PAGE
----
Today, low natural gas prices and polices that do not properly value nuclear energy’s unique properties are making it challenging for this key energy source to compete in the current marketplace. That is leaving policymakers wrestling with questions about the fate of the nuclear energy industry.
The reality is clear — our national security is at stake. If our domestic nuclear industry dwindles, it will impact the energy reliability and resiliency that our domestic military bases rely on. Furthermore, should we fail to enact policies or market practices that protect this valuable energy source, it will be reflected in the United States’ role on the international stage, as we would continue to cede our nuclear dominance to countries like Russia and China, which use their energy supply relationships for foreign policy leverage and may not uphold our standards for nuclear safety, security and nonproliferation.
The United States also leads the world in nuclear science, engineering and technology for both traditional nuclear energy and advanced nuclear technology development. If the industry falters, we will see a steady loss of critical institutional knowledge that is often leveraged by our military for national security applications.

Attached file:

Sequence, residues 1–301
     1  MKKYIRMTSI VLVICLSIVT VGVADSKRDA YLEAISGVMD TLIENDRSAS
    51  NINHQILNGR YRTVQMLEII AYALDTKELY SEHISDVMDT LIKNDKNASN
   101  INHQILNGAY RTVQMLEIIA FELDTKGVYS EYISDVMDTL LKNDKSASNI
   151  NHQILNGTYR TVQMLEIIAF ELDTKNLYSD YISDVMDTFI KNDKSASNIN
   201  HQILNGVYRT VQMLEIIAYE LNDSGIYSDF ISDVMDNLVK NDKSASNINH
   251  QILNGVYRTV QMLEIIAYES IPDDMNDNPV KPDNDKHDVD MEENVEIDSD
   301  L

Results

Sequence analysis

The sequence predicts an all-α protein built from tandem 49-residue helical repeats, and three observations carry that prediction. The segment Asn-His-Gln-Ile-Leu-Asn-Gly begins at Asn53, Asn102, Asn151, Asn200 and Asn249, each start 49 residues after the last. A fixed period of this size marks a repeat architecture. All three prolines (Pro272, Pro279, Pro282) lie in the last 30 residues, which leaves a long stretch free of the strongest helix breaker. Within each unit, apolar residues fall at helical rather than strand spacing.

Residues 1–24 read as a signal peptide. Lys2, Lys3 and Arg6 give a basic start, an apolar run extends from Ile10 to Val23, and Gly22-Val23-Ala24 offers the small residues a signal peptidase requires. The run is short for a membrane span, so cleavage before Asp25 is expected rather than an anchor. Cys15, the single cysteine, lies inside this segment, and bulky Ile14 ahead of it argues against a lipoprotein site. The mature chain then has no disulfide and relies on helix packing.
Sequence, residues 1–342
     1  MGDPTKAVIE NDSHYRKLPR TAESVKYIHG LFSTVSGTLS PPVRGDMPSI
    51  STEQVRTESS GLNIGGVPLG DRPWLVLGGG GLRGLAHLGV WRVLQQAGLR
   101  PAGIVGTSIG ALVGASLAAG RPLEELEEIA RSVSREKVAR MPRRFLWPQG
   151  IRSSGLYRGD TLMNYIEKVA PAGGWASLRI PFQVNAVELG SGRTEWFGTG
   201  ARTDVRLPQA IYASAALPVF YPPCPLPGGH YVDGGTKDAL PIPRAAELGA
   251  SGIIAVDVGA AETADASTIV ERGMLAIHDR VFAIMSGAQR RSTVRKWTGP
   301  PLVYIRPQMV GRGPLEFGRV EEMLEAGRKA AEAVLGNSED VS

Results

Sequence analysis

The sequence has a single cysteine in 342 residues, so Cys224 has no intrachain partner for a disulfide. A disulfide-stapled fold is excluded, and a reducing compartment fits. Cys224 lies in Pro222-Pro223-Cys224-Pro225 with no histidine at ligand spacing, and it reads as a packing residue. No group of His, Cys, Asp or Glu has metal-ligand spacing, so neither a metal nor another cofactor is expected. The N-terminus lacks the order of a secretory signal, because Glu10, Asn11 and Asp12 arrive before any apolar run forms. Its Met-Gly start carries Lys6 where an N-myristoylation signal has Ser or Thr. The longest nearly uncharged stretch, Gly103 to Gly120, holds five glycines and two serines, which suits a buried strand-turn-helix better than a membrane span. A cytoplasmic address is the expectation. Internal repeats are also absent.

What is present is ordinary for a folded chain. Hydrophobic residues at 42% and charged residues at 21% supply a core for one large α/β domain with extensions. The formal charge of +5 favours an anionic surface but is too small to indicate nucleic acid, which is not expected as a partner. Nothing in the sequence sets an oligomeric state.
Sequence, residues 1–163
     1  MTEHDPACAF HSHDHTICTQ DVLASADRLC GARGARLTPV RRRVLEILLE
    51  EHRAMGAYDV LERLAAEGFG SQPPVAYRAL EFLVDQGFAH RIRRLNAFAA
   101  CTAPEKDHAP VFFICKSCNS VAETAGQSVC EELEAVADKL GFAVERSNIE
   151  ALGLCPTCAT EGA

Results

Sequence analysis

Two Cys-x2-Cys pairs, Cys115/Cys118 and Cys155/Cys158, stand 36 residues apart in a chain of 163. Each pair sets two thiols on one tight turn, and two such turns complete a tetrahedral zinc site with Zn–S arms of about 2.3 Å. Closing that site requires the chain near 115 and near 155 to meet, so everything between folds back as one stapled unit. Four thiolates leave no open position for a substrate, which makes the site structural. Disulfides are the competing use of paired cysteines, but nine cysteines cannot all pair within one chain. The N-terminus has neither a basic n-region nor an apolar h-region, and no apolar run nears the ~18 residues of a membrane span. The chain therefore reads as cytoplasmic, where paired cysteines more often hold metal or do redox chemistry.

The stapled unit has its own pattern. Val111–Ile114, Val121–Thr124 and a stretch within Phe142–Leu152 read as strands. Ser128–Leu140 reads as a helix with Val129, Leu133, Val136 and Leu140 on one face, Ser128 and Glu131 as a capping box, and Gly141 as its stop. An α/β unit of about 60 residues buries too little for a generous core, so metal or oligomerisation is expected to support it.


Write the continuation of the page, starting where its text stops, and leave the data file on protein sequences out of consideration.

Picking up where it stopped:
To protect our national security at home and abroad, we must bolster our domestic nuclear industry by calling on policymakers at the state and federal level to enact policies that allow the nuclear industry — and the opportunity associated with it — to once again thrive. To accomplish this, we need to ensure existing plants can compete in the energy market and encourage the construction of new nuclear reactors.
Future generations will look back on this debate as an instance where policymakers had a choice between taking action to protect American interests across the world, or facilitating global energy dominance by competing nations, like Russia and China.
ABOUT THE WRITER
David Gattie is an associate professor of engineering in the College of Engineering at the University of Georgia and a member of the Advocacy Council of Nuclear Matters. He wrote this for InsideSources.com.
Opinion: The STRONGER Patent Act: A Reckoning in Congress?
By Thomas A. Hemphill